Farley's private funeral was held at Our Lady Queen of Peace Catholic Church in his hometown of Madison, Wisconsin five days later. Over five hundred people attended his funeral, many of the actors and comedians who had worked with him on Saturday Night Live and on film including Phil Hartman, Adam Sandler, Brendan Fraser, Joe Mantegna, Lorne Michaels, Dan Aykroyd, Steve Buscemi, Mike Myers, Christopher Walken, John Goodman, Eugene Levy, George Wendt, Norm Macdonald, Holly Wortell, Rob Schneider, Chris Rock, Tim Meadows, and Tom Arnold.[30] Notably absent was former SNL castmate, frequent film co-star and close friend David Spade, who was later quoted as saying that he declined to attend Farley's private funeral because he "could not be in a room where Chris was in a box."[15] However, Spade did appear on the special 25th anniversary episode of Saturday Night Live to call for a moment of remembrance for Farley. Farley was entombed at the Resurrection Catholic Cemetery.

Response and legacy

On August 26, 2005, Farley was awarded the 2,289th star on the Hollywood Walk of Fame, which is located in front of iO West.[31] In his memoir Gasping for Airtime, Jay Mohr recalled a moment involving Farley and his SNL colleague Phil Hartman. In the show's cast's goodbye song-and-dance performance to Hartman, the final scene featured Farley (in his Matt Foley costume) and Hartman embracing each other as the latter sang "Goodbye" to the camera.[32] This was seen on the "Best of Chris Farley" SNL special, but omitted from video versions of the special.[citation needed] The authorized biography of Farley, The Chris Farley Show, was written by his brother Tom, Jr. and Tanner Colby.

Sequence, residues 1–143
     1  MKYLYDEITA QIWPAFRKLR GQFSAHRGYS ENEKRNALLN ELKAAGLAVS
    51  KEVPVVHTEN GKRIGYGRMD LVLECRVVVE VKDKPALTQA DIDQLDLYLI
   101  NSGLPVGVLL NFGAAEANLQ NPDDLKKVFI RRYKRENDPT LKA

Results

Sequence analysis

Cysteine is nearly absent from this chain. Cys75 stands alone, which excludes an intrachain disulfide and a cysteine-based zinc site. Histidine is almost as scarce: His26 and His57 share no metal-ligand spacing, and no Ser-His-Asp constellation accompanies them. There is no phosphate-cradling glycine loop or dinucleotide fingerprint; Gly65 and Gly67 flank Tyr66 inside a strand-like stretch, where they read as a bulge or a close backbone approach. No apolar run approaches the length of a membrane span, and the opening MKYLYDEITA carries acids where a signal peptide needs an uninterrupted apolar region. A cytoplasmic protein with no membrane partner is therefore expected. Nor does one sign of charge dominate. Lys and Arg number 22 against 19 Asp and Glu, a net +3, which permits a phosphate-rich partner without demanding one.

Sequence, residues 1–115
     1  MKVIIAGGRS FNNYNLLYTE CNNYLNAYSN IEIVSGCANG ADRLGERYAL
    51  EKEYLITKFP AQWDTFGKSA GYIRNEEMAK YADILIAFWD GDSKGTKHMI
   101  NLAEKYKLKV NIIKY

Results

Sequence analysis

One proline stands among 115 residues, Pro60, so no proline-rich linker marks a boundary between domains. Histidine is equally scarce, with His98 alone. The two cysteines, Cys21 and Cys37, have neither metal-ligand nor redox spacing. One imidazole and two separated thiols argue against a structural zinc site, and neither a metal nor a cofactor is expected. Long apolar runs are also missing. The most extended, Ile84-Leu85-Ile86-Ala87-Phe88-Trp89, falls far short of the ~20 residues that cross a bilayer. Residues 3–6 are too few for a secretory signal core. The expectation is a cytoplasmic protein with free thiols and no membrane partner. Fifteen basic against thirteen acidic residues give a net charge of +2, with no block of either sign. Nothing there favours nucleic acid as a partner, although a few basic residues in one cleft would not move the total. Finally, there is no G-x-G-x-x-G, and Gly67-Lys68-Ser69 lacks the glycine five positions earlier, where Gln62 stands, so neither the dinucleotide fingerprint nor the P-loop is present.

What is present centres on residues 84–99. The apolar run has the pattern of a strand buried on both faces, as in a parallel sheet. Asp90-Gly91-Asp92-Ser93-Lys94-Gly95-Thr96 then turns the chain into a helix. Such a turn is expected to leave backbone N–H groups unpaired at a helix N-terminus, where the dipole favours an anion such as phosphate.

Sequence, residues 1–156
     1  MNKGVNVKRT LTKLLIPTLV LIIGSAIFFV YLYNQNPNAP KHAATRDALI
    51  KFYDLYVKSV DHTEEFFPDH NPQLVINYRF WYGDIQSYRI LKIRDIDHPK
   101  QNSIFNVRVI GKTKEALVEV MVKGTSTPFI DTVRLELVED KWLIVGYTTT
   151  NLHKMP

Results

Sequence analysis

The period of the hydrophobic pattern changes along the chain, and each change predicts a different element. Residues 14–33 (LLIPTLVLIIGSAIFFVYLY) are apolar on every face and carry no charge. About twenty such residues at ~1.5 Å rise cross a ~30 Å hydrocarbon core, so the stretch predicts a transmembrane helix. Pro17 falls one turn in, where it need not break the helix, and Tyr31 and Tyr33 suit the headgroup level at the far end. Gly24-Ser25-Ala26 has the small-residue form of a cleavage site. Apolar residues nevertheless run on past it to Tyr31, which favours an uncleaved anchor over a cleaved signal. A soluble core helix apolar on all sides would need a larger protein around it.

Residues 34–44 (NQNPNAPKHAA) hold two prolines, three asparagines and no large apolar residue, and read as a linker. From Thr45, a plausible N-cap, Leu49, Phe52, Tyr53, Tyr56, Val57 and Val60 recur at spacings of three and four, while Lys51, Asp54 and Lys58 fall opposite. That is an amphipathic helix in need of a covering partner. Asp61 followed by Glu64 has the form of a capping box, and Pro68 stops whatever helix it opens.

Year Film Role Notes
1992 Wayne's World Security Guard
1993 Coneheads Ronnie the Mechanic
Wayne's World 2 Milton
1994 Airheads Officer Wilson
1995 Billy Madison Bus Driver Uncredited
Tommy Boy Thomas "Tommy" Callahan, Jr. MTV Movie Awards Best On-Screen Duo (Shared with David Spade)
1996 Black Sheep Mike Donnelly Nominated — MTV Movie Awards Best Comedic Performance
1997 Beverly Hills Ninja Haru Nominated — MTV Movie Awards Best Comedic Performance
1998 Almost Heroes Bartholomew Hunt Released posthumously
Dirty Work Jimmy Uncredited
Released posthumously
Year Title Role Notes
1990–1995 Saturday Night Live Various characters 100 episodes
1992 The Jackie Thomas Show Chris Thomas 1 episode
1993 Roseanne Man in Clothing Store 1 episode
1994 Tom Chris 1 episode
1997 All That Chef Farley 1 episode